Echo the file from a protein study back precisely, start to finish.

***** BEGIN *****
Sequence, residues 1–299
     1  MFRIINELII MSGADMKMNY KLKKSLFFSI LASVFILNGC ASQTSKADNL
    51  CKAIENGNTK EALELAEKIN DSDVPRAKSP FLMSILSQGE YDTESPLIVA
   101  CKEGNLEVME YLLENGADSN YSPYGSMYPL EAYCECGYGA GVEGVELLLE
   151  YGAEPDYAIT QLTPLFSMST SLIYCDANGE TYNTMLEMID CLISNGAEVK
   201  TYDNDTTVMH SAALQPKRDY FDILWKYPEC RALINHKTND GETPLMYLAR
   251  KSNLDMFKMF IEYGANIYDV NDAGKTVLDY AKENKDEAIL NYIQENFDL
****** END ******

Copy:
Sequence, residues 1–299
     1  MFRIINELII MSGADMKMNY KLKKSLFFSI LASVFILNGC ASQTSKADNL
    51  CKAIENGNTK EALELAEKIN DSDVPRAKSP FLMSILSQGE YDTESPLIVA
   101  CKEGNLEVME YLLENGADSN YSPYGSMYPL EAYCECGYGA GVEGVELLLE
   151  YGAEPDYAIT QLTPLFSMST SLIYCDANGE TYNTMLEMID CLISNGAEVK
   201  TYDNDTTVMH SAALQPKRDY FDILWKYPEC RALINHKTND GETPLMYLAR
   251  KSNLDMFKMF IEYGANIYDV NDAGKTVLDY AKENKDEAIL NYIQENFDL